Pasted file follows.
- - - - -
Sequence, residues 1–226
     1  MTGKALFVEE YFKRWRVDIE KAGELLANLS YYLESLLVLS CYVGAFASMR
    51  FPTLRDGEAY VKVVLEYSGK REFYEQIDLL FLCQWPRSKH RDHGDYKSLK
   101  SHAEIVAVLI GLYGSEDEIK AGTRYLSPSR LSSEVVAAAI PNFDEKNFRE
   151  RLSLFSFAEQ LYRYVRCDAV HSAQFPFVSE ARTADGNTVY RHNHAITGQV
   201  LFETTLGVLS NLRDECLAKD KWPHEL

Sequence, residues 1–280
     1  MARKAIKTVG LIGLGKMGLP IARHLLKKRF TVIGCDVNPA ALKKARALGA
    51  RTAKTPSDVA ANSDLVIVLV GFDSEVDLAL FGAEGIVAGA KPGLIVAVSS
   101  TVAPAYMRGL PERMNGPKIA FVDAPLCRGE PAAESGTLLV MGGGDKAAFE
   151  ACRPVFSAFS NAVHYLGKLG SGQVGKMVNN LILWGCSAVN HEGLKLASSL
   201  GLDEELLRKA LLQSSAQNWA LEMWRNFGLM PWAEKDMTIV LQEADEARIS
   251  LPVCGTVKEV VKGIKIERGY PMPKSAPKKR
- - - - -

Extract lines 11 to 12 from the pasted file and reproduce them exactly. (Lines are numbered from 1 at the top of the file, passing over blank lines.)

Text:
   151  ACRPVFSAFS NAVHYLGKLG SGQVGKMVNN LILWGCSAVN HEGLKLASSL
   201  GLDEELLRKA LLQSSAQNWA LEMWRNFGLM PWAEKDMTIV LQEADEARIS